When Deanna learned through a Facebook page for her small community in Eastern Oregon that a fellow resident’s cat had recently given birth to a litter of kittens that included a black and white male with malformed hind legs, she was immediately interested in helping the very young special needs feline the family had named Quasi. “At that point, Quasi was only 4 days old,” says Deanna, and she discovered that the family was considering putting the newborn kitten to sleep because they feared his condition would cause him to have a life filled with suffering.
Deanna, who has an affinity for special needs cats — “It started with a blind 5-week-old kitten in the summer of 2017,” explains Deanna. “Sadly, that kitten died just a few days later of a viral infection.” — sent Quasi’s mom a message on Facebook on March 11, 2018. “It took some doing, but I convinced her to let me help the kitten when he was big enough,” says Deanna.
She also reached out to Cat Utopia, the rescue in Eastern Oregon Deanna and her husband Tom had adopted Tippy — a stunning black and white cat with vestibular syndrome and Horner’s syndrome — from in late 2017.
“She was really the start of a burning heart to rescue and give these unique babies a warm, comfortable, and love-filled home,” explains Deanna. Cat Utopia agreed to help not just Quasi but also his litter mates, eventually rehoming all four of the special needs kitten’s siblings.
When Quasi was three weeks old, Deanna met the adorable black and white kitten for the first time when she took him to the vet for a preliminary evaluation. The veterinarian explained that both of Quasi’s hind legs were twisted in at the knees, forcing him to walk on the top of his hocks, a congenital condition known as tarsal hyperextension.
“It is believed Quasi’s legs were not allowed space to properly develop in utero,” explains Deanna. “His mother was rather petite and it was a litter of five.”
Five weeks later, Deanna took Quasi back to the vet for a follow up appointment. By that time, one of his hind legs had pretty much corrected itself without medical intervention, but the other limb was still twisted, so on May 1, 2018, and May 15, 2018, Quasi had two separate surgeries to try to fix the rotated leg.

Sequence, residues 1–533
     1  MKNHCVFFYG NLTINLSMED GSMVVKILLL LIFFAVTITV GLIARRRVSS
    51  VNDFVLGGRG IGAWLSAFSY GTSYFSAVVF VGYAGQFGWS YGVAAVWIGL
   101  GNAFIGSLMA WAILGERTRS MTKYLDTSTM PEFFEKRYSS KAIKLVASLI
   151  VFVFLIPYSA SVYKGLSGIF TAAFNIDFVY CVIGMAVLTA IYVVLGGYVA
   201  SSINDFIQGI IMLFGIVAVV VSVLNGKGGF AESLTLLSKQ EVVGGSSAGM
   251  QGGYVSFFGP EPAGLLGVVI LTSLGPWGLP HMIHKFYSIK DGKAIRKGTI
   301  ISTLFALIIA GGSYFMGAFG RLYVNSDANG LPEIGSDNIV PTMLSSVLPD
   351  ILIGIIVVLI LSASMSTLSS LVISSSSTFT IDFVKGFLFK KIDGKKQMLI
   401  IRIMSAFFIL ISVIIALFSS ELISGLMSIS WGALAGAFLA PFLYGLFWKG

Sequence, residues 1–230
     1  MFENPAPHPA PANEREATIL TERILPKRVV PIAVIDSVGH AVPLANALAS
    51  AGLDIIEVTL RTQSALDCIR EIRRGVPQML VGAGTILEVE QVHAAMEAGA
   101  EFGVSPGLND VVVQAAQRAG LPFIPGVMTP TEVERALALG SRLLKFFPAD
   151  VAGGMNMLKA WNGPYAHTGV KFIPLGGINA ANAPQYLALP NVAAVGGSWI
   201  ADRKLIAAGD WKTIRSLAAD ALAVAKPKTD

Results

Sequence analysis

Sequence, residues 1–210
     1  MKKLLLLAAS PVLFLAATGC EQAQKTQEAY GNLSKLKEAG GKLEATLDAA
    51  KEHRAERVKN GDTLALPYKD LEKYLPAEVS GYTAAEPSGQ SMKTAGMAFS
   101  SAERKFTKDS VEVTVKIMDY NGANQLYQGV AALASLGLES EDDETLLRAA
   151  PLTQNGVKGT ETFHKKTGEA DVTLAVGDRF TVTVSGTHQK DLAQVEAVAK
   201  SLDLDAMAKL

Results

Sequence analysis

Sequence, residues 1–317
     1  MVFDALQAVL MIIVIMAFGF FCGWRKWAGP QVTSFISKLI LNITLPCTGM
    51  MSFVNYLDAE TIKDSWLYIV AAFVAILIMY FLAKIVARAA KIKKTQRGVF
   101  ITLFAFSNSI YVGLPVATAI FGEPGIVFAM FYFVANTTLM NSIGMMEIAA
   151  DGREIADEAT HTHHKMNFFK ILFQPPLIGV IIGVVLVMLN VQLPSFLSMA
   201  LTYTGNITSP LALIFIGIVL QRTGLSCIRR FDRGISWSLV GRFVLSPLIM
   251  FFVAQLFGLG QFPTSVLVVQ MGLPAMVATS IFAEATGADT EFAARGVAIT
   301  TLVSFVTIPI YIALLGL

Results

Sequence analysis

“We were warned that if nothing was done, he would face breakdown of the callus [on the top of his hock] he had developed and been using like a foot,” says Deanna. “It was explained to me that there were a lot of sutures and tightening done to bring his left leg in to a more normal functional position.”
Following the surgeries, Quasi’s gait has improved significantly, although he still walks a bit differently from a typical kitten. “His leg will never be normal, but it will be more normal conformation and it is hoped it will only improve as he grows,” explains Deanna. “It will take some real time.” Consequently, this adorable black and white boy isn’t ready to be adopted just yet, and no one can say for certain exactly when Quasi will be able to leave his foster home.
Fortunately, Quasi absolutely adores his foster family, and he loves playing with — and irritating — Deanna and Tom’s four other cats. “He is small, but mighty,” says Deanna. “He has a strong will, yet is learning boundaries and ‘no’ fairly well. With that cute leg, he gets away with a lot.”
While Quasi — like a typical kitten — can be a bit rambunctious, he’s also incredibly sweet, and he absolutely adores being coddled by his foster parents. “He has spent so much time down, he is just happy to lay and have a conversation with you,” explains Deanna. “He likes hearing his name and will ‘chirp’ in response.”
While no one knows when Quasi will be able to go to his forever home, Deanna hopes his adopters will love and respect special needs cats just as much as she does. “They have the sweetest nature and that they will look at you with such appreciation for everything you do,” says Deanna.
Had Deanna and Cat Utopia not intervened when they did, it’s possible Quasi may have been euthanized for having tarsal hypertension. While Deanna realizes special needs cats are often put to sleep because people don’t want to see them struggle or suffer, she believes more of these felines should be given the chance to grow and adapt. “They have as much right to live as we do,” says Deanna.
Having formed such a strong bond with Quasi, Deanna and Tom are open to the possibility of adopting him, although they’re concerned that having a total of five cats might make it difficult for them to foster other special needs felines in the future. “We really want to keep our home and the kitty space we have for truly long-term special needs cats,” says Deanna.
Whether Quasi’s forever home is with Deanna and Tom or another family, there’s no doubt this cute boy will spend the rest of his life with people who are as special as he is. “Quasi is extremely sweet,” says Deanna. “We adore — and dare I say, love — Quasi, but we also accept we want what is best for him, and if he can be best served with another family, we will let him go.”
To learn more about this adorable kitten, you can follow him on Instagram.